What Emotions Help Creativity? Why Creativity Is Not Solely Dependent on Happiness

emotions help creativity

Good news: Many emotions can help creativity if we use and manage them well.
Creativity is full of emotion, from the anxiety of the blank computer screen and the frustration of facing inevitable obstacles to the elation of insight and pride of achievement.

Creativity scholars have learned a great deal by examining the role of emotions in creativity for at least 35 years. The biggest and most reliable lesson from this research is that creative idea generation is most successful when people are in happy, energized states.

So, it would seem that in order to be creative, one should be happy. Indeed, readers may have seen this research translated into advice to those aiming to be more creative.

A Tired Brain Could Actually Be More Creative.
What Emotions Help Creativity? Why Creativity Is Not Solely Dependent on Happiness

Why is it, then, that when we think of creative people, happy and energized aren’t necessarily the first words that come to mind? Indeed, even the authors of the major meta-analysis that reviewed dozens of studies and clearly established the relationship between happy moods and generating creative ideas concluded, “to make a difference in creative performance, manipulating mood states is not very effective and is unlikely to produce clear and visible changes in creativity.”

Creativity Is Not Solely Dependent On The Happiness

Why this discrepancy between solid scientific research results and everyday observations?
A look into the nature of this research might help.

Common research studies asked which emotion(s) are beneficial for creativity, and which are detrimental to creativity. Scientists have long prized the ability to control what they study because it enables them to make conclusions about causal relationships.

The research studies looked something like this. Scientists invite people to their labs, likely undergraduate students enrolled in psychology classes. When they first come to the lab, they are put in a specific mood by listening to music or recalling personal memories. Then, they are given a creative task. Typically, they are asked to come up with ideas for different prompts, such as possible uses of a brick, things that are round, or consequences of people becoming invisible at will. They are usually given three to four minutes to complete this task.

This procedure shows time and again that happy, energized moods are beneficial for creativity. Yet, these studies are limiting and rather removed from the real world of creative individuals.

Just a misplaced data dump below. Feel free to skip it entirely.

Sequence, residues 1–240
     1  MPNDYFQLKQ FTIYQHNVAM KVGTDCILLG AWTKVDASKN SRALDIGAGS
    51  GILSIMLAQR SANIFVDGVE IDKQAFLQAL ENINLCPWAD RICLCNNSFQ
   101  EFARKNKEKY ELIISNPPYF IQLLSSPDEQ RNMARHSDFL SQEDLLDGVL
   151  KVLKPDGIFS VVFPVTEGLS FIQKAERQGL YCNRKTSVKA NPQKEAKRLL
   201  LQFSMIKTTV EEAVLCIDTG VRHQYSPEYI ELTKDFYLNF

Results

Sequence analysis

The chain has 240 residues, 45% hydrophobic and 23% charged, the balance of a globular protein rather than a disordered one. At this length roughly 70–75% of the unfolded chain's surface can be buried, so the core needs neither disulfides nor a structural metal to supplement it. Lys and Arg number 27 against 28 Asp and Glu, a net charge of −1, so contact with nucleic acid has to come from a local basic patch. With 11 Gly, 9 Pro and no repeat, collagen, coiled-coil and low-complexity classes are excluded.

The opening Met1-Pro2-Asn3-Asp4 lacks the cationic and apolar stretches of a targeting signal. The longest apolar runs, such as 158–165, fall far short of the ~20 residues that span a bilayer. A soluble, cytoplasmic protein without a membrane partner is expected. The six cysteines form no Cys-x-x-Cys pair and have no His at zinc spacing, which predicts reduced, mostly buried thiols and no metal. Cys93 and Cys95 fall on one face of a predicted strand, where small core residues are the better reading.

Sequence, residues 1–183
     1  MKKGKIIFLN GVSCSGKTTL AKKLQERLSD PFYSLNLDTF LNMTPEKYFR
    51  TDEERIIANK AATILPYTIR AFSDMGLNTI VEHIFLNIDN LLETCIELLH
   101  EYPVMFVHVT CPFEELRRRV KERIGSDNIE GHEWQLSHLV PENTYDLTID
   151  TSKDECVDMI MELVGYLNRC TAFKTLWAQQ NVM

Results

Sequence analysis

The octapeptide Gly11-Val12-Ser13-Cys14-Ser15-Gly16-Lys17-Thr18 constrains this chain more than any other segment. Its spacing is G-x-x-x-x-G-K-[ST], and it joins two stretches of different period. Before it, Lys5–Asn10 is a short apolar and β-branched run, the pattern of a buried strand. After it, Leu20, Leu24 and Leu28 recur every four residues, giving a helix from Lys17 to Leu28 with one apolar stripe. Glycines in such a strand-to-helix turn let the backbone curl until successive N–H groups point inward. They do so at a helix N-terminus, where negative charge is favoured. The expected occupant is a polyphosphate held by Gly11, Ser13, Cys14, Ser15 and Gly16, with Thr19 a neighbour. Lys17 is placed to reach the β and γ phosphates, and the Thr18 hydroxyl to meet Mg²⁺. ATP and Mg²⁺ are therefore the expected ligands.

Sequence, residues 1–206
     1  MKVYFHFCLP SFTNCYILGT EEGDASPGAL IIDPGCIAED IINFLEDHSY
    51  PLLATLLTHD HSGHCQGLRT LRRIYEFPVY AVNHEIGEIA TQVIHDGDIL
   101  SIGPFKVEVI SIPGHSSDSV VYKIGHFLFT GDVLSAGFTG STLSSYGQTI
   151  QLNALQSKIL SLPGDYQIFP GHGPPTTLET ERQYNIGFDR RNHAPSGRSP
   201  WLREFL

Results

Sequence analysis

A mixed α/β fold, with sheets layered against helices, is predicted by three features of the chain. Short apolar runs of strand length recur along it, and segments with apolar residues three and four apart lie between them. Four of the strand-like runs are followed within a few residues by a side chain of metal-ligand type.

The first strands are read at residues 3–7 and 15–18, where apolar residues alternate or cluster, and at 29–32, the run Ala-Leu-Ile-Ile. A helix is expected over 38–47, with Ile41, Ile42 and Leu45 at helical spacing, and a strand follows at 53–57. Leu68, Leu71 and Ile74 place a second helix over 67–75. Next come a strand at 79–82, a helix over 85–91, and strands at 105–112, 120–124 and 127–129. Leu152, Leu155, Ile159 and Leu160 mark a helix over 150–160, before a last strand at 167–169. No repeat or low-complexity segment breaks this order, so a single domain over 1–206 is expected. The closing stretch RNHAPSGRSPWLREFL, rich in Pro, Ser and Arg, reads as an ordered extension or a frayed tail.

Undergraduate students are not representative of creative individuals. They are not selected to have the personal or social attributes of creative individuals.

Furthermore, how similar are everyday emotions to those evoked by music chosen by experimenters? Music is able to move deeply, but that is music that is personally meaningful to people. When an emotional state is induced by asking someone to recall different life events, the quality and intensity of their emotions will not be the same as during the actual experience.

Read Music Therapy: How Binaural Beats Music Can Help Reduce Depression

Sarcasm promotes creativity.
What Emotions Help Creativity? Why Creativity Is Not Solely Dependent on Happiness

The validity of the creativity tasks is also worth examining. Are creativity tasks in the lab representative of creative work in everyday life? Real-life creativity rarely (if ever) takes only three to four minutes. Also, laboratory tasks were designed so as not to give an advantage to people with special interests or skills. However, creative individuals care deeply about their work; their passion is part of them as creators.

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Zorana Ivcevic Pringle

Zorana Ivcevic Pringle, Ph.D., is a Research Scientist at the Yale Center for Emotional Intelligence. She completed her undergraduate studies at the University of Zagreb in Croatia, received a doctorate from the University of New Hampshire (with Dr. Jack Mayer, co-creator of the theory of emotional intelligence), and did postdoctoral research at the Interpersonal Communication and Interaction laboratory at Tufts University (with Dr. Nalini Ambady who pioneered research on thin slices of behavior).View Author posts